When we think of minerals, normally the perfect crystals on display at museums or in somebody’s collection are the first thing that comes to mind. Transparent, colored, with peculiar shapes and properties, they surely are items that instill a sense of marvel but they look as nothing more than some rare or extravagant finding from some exotic location. This conclusion is wrong: minerals are everywhere around us. The bedrock where we live, our planet, and solid, extraterrestrial world consists of nothing else than minerals. Rocks, soil, even some solid parts of organisms like bones or shells are made of minerals. Every day we use items made of minerals and that exist because we, humans, have exploited some minerals. I am writing this page using a notebook with copper filaments and iron, chromium, zinc, and nickel components. Before that, I tried to remove the limescale of tiny calcite crystals off the dishwasher and I have prepared myself a healthy lunch, carefully dosing the crystals of table salt (halite) in my meal.
Most of us do not even notice how much we depend from minerals. Our ability to obtain resources from minerals shaped our history, starting from cave dwellers that learned how to carve tools of quartz (chert) and extract metals from the bedrock. Our modern life depends from the right mixture of clays in the soil to sustain crops. Buildings stand because we use materials, like concrete, consisting of minerals that give them the properties we need. Perhaps all these substances may appear dull compared to museum specimens, but they all are solid compounds with a specific chemical composition and whose atoms are arranged in an ordered, symmetric crystal lattice that make each of them unique and different from the over 5500 natural minerals known to man.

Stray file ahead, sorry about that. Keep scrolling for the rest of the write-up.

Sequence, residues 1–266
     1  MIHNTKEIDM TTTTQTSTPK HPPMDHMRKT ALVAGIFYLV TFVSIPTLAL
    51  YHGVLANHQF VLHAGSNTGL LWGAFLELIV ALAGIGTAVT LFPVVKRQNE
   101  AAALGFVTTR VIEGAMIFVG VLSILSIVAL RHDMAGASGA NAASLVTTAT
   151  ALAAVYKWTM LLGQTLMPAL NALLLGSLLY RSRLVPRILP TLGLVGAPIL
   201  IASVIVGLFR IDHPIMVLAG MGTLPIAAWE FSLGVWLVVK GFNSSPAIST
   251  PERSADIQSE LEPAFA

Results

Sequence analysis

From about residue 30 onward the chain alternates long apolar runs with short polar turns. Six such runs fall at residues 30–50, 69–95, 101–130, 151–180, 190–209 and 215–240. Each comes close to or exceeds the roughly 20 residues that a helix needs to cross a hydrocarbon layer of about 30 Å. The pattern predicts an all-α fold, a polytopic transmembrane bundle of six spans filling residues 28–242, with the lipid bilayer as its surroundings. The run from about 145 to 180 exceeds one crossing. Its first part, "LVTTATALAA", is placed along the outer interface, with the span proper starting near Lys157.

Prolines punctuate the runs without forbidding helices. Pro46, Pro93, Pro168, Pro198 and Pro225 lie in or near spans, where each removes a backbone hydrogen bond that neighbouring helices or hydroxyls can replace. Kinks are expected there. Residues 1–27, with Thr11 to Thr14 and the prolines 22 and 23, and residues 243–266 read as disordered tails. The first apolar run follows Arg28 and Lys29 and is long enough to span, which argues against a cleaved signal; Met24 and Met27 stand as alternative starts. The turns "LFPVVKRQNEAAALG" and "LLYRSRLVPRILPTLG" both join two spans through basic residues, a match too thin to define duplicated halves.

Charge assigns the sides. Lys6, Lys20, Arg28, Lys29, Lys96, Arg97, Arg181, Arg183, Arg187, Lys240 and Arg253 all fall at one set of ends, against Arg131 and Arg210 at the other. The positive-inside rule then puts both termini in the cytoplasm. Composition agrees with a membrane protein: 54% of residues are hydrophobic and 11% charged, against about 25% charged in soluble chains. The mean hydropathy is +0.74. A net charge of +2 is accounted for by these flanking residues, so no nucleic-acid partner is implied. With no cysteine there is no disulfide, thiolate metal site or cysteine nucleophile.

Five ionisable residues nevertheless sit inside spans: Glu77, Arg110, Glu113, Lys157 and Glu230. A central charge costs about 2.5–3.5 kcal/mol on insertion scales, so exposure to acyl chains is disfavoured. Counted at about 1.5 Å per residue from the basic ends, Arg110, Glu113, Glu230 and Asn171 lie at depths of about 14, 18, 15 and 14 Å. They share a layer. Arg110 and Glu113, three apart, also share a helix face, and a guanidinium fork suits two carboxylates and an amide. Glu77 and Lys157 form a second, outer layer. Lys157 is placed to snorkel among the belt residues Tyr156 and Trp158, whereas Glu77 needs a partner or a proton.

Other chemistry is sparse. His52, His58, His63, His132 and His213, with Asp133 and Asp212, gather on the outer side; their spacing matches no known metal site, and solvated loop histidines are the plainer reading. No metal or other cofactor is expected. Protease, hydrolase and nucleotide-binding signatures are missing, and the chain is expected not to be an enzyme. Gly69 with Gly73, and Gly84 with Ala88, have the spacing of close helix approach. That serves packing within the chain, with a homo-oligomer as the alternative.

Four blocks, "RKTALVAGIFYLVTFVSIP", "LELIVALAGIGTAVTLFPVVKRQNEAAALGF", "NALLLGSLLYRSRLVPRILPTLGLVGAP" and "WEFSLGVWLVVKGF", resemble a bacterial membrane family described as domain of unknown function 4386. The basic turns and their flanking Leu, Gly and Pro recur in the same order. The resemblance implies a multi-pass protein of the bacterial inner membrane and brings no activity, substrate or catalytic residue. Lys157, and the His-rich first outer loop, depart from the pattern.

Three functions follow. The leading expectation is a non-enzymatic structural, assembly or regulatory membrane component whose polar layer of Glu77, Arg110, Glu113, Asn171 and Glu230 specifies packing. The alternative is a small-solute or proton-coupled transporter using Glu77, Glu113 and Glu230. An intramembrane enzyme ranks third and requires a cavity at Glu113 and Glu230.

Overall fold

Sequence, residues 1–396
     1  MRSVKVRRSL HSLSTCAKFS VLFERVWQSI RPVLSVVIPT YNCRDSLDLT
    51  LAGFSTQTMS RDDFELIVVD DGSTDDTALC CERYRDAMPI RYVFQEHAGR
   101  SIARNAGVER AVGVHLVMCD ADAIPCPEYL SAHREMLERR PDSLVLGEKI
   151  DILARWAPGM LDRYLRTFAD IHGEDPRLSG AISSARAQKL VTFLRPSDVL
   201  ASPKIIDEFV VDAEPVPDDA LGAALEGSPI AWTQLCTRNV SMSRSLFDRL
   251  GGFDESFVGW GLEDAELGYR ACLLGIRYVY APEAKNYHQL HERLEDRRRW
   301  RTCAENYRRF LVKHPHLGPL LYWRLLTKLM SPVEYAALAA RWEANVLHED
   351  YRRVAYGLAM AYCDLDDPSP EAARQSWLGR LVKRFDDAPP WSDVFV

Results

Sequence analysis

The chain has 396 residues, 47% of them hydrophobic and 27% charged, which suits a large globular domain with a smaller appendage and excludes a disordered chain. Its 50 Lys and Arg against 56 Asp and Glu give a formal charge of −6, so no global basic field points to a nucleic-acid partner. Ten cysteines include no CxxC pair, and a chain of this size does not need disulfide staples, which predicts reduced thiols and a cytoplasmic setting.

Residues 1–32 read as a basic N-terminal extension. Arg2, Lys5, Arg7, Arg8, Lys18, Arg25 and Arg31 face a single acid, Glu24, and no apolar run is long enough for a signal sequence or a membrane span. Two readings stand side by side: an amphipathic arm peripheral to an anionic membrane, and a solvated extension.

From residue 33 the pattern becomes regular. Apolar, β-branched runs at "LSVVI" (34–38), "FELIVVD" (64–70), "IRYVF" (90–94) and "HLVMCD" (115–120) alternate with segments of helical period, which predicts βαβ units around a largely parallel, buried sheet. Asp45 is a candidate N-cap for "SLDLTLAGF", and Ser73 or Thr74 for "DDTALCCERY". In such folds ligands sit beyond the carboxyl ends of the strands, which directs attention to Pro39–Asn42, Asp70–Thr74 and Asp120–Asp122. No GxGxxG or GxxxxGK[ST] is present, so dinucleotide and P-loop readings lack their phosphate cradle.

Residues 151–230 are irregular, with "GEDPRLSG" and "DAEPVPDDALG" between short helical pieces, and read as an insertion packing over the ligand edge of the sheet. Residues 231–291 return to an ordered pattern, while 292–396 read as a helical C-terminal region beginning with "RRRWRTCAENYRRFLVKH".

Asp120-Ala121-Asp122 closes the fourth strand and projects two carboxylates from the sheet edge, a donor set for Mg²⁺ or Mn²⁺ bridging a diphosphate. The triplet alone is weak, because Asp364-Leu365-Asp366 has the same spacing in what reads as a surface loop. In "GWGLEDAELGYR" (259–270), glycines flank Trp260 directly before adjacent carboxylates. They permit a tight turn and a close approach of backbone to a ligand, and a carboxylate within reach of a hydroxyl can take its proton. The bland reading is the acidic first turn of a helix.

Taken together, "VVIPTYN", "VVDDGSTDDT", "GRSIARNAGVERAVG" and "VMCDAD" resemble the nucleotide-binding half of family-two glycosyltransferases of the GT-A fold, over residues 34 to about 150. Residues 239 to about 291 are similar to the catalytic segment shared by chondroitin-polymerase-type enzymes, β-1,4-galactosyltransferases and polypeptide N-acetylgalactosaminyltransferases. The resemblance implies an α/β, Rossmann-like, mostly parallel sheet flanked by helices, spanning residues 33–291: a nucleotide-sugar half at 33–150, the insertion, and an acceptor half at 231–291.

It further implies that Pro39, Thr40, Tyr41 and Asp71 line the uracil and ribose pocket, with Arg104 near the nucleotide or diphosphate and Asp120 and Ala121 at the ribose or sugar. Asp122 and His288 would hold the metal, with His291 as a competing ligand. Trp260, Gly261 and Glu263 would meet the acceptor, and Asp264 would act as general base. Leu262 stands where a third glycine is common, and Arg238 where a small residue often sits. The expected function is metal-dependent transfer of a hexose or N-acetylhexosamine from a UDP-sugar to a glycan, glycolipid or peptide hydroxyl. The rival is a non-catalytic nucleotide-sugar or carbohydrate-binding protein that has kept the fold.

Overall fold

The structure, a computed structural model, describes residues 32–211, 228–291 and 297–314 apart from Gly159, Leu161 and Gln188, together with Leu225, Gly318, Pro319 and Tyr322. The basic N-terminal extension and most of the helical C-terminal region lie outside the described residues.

Minerals are fundamental to our society but they are also the building materials of rocks, mountains, continents, and our entire planet. Geologists, petrologists, and mineralogists study minerals or aggregates of minerals (rocks) at different scales and from different perspectives. These studies help us discover the resources needed to sustain our lifestyle, but also understand the properties of the materials that we use to build our houses… or that of the rocks where we built them! Through the study of minerals, we understand the geological processes that incessantly occur beneath our feet and continue to shape our planet. I personally see the usefulness of minerals in our life, in the end, as a by-product of basic research on these incredible substances that fills us with wonder where we see them at museums.
In this section, I hope to show field and microscope images of the most common rock-forming minerals that occur on our planet. Write me if you would like me to write pages of specific minerals. If you like what I am doing, consider following me on my socials or support me at the price of a coffee!